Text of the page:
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⏱️ Set HTTP client timeout in Go

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An HTTP client timeout is a time limit in which the server must process the request and return the response. If the set timeout is exceeded, the HTTP client should cancel the request and report an error. This mechanism is very important in applications that run in a production environment. It helps prevent the application from getting stuck waiting for a server response, which may take a long time or not happen at all.

In Go, the standard HTTP client does not set timeouts by default. It means that an app can wait for the server’s response forever. To prevent this, you should always remember to set a timeout in your HTTP client. And this is what we want to do here 🙂.

There are three scenarios of setting a timeout for HTTP requests that we are going to cover in this article:

Set timeout per HTTP client

If you want to set the same timeout for all requests of a new http.Client, initialize the client with the Timeout field set, where you specify the time limit in which the request must be processed.

Look at the example:

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package main

import (
    "log"
    "net/http"
    "time"
)

func timeout(w http.ResponseWriter, req *http.Request) {
    time.Sleep(5 * time.Second)
}

func server() {
    go func() {
        http.HandleFunc("/timeout", timeout)
        log.Fatal(http.ListenAndServe(":8090", nil))
    }()
}

func main() {
    server()

    httpClient := http.Client{Timeout: 2 * time.Second}
    if _, err := httpClient.Get("http://localhost:8090/timeout"); err != nil {
        log.Fatal(err)
    }
}

In lines 9-18, we declare a new simple server whose only task is to pause work for 5 seconds by calling the time.Sleep function. In the first line of the main() function, we start this server. In the remaining lines, we create a new http.Client with the Timeout field set to 2 seconds and send a new request to the created server.

So by sending a request with a 2-second timeout to a server that pauses for 5 seconds, we will get a timeout error:

Output:

2022/08/08 12:31:43 Get "http://localhost:8090/timeout": context deadline exceeded (Client.Timeout exceeded while awaiting headers)
exit status 1

If you run the app without the Timeout set, you will not get any error.

Set timeout per request

If you want to set a timeout for an individual request, create a new request Context using the context.WithTimeout() function. Then, create a new request with this context as an argument using the http.NewRequestWithContext() constructor.

package main

import (
    "context"
    "log"
    "net/http"
    "time"
)

// func server() {...} the same as in the first example...

func main() {
    server()

    httpClient := http.Client{}

    ctx, cancel := context.WithTimeout(context.Background(), 2*time.Second)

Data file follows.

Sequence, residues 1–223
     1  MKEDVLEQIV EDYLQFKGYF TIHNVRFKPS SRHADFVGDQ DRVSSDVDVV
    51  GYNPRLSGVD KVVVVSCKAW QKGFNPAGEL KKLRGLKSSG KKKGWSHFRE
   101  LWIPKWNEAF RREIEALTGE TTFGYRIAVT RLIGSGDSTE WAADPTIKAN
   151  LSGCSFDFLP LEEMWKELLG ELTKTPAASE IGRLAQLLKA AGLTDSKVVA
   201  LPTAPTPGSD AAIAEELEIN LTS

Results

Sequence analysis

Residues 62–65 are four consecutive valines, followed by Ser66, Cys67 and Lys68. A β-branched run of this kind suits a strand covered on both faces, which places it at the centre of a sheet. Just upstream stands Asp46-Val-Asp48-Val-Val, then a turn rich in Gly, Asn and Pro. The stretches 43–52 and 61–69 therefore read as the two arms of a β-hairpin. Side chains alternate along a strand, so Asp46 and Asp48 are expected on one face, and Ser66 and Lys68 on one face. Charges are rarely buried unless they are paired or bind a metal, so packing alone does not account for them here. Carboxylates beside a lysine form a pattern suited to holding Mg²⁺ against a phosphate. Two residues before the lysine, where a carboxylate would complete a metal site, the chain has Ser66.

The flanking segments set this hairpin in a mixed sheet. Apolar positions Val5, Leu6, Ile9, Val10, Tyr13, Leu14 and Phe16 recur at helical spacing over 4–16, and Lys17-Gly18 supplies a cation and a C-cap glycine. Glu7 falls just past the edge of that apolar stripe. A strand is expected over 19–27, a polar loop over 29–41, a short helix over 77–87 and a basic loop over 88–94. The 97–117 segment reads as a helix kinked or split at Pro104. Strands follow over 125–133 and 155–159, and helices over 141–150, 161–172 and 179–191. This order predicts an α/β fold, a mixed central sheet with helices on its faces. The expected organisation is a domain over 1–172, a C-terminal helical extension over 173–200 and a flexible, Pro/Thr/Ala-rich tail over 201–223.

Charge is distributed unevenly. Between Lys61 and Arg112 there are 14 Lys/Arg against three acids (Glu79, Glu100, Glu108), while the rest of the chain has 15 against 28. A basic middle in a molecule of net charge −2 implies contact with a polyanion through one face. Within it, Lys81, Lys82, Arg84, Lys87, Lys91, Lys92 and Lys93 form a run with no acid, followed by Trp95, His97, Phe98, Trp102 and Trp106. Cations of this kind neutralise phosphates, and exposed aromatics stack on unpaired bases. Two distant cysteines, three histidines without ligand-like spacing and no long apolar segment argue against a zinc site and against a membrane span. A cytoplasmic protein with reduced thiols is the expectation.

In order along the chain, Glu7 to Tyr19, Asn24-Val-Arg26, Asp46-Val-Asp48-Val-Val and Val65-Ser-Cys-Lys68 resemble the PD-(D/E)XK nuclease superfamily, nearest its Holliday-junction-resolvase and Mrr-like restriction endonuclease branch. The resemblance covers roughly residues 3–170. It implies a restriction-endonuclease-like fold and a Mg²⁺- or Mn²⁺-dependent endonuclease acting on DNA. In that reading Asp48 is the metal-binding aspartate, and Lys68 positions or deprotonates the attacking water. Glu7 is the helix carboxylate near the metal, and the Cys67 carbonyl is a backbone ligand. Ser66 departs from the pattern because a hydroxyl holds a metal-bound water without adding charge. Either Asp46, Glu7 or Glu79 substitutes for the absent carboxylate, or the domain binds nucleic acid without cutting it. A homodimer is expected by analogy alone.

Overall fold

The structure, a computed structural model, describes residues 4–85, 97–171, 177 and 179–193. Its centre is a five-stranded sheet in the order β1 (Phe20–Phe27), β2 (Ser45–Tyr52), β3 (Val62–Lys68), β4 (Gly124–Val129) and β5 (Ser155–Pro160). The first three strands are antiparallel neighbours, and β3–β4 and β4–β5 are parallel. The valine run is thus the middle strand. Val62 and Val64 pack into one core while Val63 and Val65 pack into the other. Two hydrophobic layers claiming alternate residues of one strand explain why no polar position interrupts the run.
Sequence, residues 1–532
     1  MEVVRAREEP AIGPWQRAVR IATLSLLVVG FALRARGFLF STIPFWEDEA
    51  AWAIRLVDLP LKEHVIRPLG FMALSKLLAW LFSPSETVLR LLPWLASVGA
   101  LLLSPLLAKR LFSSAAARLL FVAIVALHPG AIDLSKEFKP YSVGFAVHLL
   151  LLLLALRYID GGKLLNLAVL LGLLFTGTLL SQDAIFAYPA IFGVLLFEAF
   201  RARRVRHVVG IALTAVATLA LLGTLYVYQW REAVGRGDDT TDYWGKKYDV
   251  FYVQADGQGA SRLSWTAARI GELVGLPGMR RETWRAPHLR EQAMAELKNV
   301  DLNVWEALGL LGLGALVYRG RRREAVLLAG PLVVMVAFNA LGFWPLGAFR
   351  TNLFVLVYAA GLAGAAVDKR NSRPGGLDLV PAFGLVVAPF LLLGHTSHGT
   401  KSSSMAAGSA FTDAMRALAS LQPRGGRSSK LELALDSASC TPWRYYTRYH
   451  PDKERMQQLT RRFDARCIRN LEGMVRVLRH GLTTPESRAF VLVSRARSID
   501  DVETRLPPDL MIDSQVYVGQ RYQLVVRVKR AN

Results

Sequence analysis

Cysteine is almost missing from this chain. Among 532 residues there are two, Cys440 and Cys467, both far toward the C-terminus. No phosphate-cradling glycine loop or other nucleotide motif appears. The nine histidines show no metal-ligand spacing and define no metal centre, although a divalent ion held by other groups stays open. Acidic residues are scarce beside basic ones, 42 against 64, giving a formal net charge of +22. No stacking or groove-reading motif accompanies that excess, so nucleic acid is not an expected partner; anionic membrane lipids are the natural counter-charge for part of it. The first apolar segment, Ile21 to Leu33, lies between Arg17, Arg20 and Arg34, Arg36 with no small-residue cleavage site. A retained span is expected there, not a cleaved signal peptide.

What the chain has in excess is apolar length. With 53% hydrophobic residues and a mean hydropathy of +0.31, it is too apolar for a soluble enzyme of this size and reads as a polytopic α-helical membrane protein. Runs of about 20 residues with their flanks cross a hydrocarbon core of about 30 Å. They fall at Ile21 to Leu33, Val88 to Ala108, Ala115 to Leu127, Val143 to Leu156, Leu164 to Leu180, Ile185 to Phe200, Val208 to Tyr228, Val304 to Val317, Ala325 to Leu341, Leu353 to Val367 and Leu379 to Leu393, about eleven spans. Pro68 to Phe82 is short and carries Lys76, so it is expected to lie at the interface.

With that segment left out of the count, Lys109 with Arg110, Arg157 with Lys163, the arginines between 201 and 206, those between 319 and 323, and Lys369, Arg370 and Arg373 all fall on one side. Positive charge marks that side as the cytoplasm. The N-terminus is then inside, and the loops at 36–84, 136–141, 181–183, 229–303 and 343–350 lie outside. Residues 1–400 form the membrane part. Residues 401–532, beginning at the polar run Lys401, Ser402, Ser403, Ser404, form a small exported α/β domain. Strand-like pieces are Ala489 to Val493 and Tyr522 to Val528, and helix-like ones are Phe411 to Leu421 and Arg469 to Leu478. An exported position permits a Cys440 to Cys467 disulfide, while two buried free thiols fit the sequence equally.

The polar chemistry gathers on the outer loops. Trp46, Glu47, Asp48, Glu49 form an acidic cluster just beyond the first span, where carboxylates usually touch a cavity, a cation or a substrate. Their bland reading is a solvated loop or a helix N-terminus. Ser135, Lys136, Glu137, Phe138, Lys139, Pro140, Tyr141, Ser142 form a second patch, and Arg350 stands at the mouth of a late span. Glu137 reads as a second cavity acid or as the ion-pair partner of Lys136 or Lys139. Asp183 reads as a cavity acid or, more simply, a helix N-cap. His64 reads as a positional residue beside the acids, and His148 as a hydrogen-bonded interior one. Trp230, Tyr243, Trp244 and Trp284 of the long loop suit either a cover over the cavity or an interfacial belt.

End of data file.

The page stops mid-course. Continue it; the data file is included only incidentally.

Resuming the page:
defer cancel()
    req, err := http.NewRequestWithContext(ctx, http.MethodGet, "http://localhost:8090/timeout", nil)
    if err != nil {
        log.Fatal(err)
    }

    if _, err := httpClient.Do(req); err != nil {
        log.Fatal(err)
    }
}

The context.Context is an object that is a common Go concept used by HTTP clients and servers to send/receive request-scoped values, cancellation, and deadline signals to deeper layers of services. In our case, the context is used to set the deadline for getting a response for a given new request.

Note that in addition to the timeout value, the context.WithTimeout() function also takes a parent context as an argument, which in our example is a new empty context created with the context.Background() function. As a result, we receive the context and the cancellation function to release resources associated with it, which we call as a deferred function cancel().

Since as in the previous example, we send a request with a 2-second timeout to the server that pauses for 5 seconds, we get a similar error message:

Output:

2022/08/08 15:06:18 Get "http://localhost:8090/timeout": context deadline exceeded
exit status 1

Set timeout for default HTTP client

Sometimes you can use code that uses the default HTTP client: http.DefaultClient. Often there is no way to change this code so that it uses the custom-defined HTTP client, e.g. in external packages or in code where backward compatibility must be maintained. Fortunately, this does not mean that we cannot define a timeout for such a client. The example below shows how to do it.

package main

import (
    "log"
    "net/http"
    "time"
)

// func server() {...} the same as in the first example...

func main() {
    server()

    http.DefaultClient.Timeout = 2 * time.Second

    if _, err := http.Get("http://localhost:8090/timeout"); err != nil {
        log.Fatal(err)
    }
}

All you have to do is set the Timeout field in the default HTTP client, and then all functions of the http package using the default client will respect this timeout.

In this example, you get the same error message as if you set the timeout per HTTP client:

Output:

2022/08/09 09:48:58 Get "http://localhost:8090/timeout": context deadline exceeded (Client.Timeout exceeded while awaiting headers)
exit status 1

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